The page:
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0

Erasing or damaging the magnetic strip well stop it being read, this may prevent the card working in some ATMs and such. As pointed out card not present, contacted (this one is lethal) and using an old imprinter (if still allowed for use by merchant bank) are valid loopholes. However the EMV spec has a mode of doing a signature transaction without the PIN ...


2

Please remember that SSN numbers are NOT random. They include data like where it was issued, and what year it was issued. This might not be hard data, but it can be used to infer data about the person it was issued to. http://www.ssa.gov/history/ssn/geocard.html http://www.stevemorse.org/ssn/ssn.html ...


1

I don't know about the magnetic strip. I guess you can. In my country almost all shops have chip-readers. And if the card doesn't work, report it broken and you get a new one. CSC / CVV But what about the card security code (CSC or CVV). With your credit card number, expiration date and CSC anyone can shop online. No need to steal a card! It's just a ...


-1

Yes. Justification: there are 109 possible Social Security Numbers (for those outside the United States, a US Social Security Number, aka SSN, is a string of nine characters drawn from the set 0-9, generally formatted as XXX-XX-XXXX). Despite its name, it should not be treated as a number, since '0' is a valid first character. So yes, given that there ...


0

Why not write "VOID" (or "CHIP & PIN ONLY") in big letters in the signature field on the card (and take a photo of it for your records)? That should only allow it to be used for chip and PIN transactions. If a merchant does allow it to be used for a signature transaction, then the merchant and bank are going to have a hard time justifying allowing the ...


7

Don't do this, it will not work in ATM machines in my experience. I've had to get a new debit card mailed in last month because there was a little scratch out of the magnetic strip, although I had not noticed and had used it for daily chip-only and wireless transactions. It wouldn't work in any (Dutch) ATM machine afterwards (I tried my own bank's and ...


1

If you live in an area where no ATM and other cash terminal needs the magnetic strip, you can use a strong magnet to scramble the magnet strip. I personally have done this using a recycled neodymium magnet out of a decommissioned hard drive. Note: never put your debit card in a microwave if you intend to use it afterwards.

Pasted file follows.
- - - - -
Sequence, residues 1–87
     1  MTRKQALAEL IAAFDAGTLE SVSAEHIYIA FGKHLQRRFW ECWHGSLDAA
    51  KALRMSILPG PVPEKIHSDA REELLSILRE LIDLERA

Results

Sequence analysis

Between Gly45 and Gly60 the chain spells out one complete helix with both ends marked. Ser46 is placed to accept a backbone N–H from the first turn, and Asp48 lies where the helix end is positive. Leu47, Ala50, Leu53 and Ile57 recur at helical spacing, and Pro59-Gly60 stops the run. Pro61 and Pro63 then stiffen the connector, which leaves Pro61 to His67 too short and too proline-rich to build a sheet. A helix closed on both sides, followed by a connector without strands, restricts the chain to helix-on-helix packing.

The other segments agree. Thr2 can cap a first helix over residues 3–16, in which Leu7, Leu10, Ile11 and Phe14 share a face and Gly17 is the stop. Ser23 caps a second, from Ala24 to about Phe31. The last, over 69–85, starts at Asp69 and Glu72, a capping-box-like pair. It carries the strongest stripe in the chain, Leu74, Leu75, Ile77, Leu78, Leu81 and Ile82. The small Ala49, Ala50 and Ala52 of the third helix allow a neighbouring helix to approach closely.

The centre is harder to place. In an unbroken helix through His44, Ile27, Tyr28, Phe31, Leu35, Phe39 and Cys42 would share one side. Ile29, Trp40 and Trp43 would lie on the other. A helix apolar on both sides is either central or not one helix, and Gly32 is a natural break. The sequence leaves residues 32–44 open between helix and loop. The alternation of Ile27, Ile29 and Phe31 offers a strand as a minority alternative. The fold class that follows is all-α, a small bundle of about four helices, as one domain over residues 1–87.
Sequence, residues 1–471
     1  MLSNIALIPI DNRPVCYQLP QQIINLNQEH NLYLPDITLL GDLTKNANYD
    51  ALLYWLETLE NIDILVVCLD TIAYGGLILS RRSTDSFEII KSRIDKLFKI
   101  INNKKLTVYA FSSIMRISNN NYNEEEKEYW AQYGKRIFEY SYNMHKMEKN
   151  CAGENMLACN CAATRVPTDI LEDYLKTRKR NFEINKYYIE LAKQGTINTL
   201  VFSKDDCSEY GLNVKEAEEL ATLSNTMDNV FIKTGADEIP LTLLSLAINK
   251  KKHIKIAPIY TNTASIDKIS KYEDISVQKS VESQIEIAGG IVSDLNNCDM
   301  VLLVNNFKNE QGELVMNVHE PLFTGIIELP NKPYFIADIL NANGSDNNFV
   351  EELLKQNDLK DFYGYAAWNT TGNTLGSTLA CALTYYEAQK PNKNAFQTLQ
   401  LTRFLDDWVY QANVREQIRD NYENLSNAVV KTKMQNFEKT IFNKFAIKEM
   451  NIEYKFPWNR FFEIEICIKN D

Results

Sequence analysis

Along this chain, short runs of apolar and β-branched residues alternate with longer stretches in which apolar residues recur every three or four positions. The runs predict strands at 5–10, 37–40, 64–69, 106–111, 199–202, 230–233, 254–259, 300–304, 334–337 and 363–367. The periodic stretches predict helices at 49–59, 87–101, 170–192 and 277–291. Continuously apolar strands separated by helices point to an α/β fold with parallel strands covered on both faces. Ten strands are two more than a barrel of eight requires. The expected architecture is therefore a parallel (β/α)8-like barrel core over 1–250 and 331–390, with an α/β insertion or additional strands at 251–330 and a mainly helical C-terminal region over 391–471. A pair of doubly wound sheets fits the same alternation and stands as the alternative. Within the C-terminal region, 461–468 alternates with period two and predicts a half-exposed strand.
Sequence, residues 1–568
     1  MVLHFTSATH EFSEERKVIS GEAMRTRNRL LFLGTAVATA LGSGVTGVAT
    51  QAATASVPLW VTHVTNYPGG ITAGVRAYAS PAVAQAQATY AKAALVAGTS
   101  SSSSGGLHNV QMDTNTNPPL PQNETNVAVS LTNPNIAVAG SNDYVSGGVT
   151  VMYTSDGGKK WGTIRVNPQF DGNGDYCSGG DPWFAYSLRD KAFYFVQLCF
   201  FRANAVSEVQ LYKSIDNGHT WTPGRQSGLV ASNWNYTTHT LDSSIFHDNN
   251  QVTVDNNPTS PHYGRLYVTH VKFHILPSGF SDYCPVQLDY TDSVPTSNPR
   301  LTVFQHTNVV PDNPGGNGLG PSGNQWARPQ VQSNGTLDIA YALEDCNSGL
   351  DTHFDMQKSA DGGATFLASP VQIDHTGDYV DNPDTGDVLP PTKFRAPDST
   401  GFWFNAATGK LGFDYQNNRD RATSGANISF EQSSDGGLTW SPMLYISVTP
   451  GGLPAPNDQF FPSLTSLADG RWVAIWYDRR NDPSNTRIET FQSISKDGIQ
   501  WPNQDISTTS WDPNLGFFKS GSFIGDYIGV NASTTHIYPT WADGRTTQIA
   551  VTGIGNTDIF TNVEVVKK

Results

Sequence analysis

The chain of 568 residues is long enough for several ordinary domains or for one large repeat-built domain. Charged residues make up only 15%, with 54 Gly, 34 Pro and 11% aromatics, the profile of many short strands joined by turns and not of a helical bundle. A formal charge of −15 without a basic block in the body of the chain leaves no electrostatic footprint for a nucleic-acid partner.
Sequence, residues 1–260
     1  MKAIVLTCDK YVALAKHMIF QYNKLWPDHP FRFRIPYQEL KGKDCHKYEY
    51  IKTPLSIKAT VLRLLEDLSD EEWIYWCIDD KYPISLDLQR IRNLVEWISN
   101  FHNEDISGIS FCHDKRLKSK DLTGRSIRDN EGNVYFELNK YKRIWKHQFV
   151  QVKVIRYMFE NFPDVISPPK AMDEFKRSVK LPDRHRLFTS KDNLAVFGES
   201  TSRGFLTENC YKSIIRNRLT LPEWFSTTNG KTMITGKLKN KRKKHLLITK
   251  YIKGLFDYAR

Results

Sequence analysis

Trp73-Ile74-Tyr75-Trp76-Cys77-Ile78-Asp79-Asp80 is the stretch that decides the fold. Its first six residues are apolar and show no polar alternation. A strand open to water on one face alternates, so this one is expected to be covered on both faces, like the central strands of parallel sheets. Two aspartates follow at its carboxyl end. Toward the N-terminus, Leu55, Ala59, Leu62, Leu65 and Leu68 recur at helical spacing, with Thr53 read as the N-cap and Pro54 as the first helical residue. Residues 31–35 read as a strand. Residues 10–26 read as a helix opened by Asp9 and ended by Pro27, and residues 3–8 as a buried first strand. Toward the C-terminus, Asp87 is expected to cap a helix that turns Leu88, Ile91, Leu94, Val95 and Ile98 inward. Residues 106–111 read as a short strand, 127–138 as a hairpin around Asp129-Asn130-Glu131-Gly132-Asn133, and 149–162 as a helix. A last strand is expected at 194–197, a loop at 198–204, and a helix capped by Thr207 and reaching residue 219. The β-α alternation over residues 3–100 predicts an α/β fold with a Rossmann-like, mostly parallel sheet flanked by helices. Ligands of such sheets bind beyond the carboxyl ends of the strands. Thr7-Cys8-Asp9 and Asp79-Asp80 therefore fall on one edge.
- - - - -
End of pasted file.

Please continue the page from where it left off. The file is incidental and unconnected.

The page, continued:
-2

You should mark all of your cards "see photo ID" in the signature block on back. If a merchant accepts a fraudulent transaction after you've done this, it's entirely on them.


10

YES, but there is a big chance that an (internally chip-capable) ATM (depending on region) will reject the card! The most common 2 problems for an ATM (including chip-capable) to reject a card are: a dirty or scratched magstripe (as shown in spork's answer) an erased or mangled (=invalid) magstripe by exposure to magnets or EMP (they need to emit ...


14

Embossed letters are still present on CC to allow to quickly carbon-copy (literally) the card on paper. That's in the (very) old days, but still allowed today, and it will count as PRESENTIAL. Magnetic strip is still there because half of the CC readers still work that way. ATM and TPV outside USA and UE are still missing the chip reader, and even inside ...


28

As Phil stated, you can still use the card using its number (as you would do on-line). Also, some ATM machine won't accept the card if not able to read the magnetic strip. The best thing is to use a credit card: in that case you can block the payment and get a refund.


23

Yes, you can. On some places you can find a device called demagnetizer. Just run your card over it (or over a very strong magnet), and the magnetic track will be corrupted and you will only be able to use the chip part of the card.


6

Is there anything I can do to prevent them from tarnishing my [...] E-mail address In short: no. In general, you can't prevent anyone from using your email address and sending email on your behalf. You can do a little something by using forwarders that adopt SPF. This means that to be able to send an email to me, pretending to be from you, someone ...


2

You can't. The way the mail system is designed does not ensure that sender email addresses must be verified. The email system we used was originally designed for a closed environment where all the members of the network were known and trusted, security and verification of sender address was not a requirement. When the internet was created there was no ...


1

This organisation should have a specific landing point for customers to receive/verify/modify their PIN code, which does not depend on departments, and department staff should be trained to not give this information just as they would not give other sensitive personal information. The reason is you can't ask departments to reason about the sensitivity of ...



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